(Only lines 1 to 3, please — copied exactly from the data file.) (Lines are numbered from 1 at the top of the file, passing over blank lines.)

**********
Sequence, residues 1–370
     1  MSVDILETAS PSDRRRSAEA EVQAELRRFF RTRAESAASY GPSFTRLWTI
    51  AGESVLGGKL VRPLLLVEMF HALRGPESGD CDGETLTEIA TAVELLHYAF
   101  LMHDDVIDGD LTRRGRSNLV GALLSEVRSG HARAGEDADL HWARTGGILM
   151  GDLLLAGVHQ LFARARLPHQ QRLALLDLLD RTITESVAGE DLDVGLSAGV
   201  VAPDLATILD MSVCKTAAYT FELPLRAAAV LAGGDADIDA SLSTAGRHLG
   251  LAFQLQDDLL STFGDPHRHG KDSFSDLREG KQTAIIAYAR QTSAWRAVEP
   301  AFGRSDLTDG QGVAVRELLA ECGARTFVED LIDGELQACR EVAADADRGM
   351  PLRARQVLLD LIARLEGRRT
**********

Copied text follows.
Sequence, residues 1–370
     1  MSVDILETAS PSDRRRSAEA EVQAELRRFF RTRAESAASY GPSFTRLWTI
    51  AGESVLGGKL VRPLLLVEMF HALRGPESGD CDGETLTEIA TAVELLHYAF